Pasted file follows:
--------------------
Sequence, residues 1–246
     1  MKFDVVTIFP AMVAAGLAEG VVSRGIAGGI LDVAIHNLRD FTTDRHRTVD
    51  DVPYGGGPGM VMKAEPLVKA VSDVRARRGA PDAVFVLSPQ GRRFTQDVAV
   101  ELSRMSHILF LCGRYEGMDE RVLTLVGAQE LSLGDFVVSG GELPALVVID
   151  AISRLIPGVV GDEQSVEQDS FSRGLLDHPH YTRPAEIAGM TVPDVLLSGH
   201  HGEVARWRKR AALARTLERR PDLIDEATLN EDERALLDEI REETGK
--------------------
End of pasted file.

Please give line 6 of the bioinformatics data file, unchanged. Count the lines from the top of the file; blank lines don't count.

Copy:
   201  HGEVARWRKR AALARTLERR PDLIDEATLN EDERALLDEI REETGK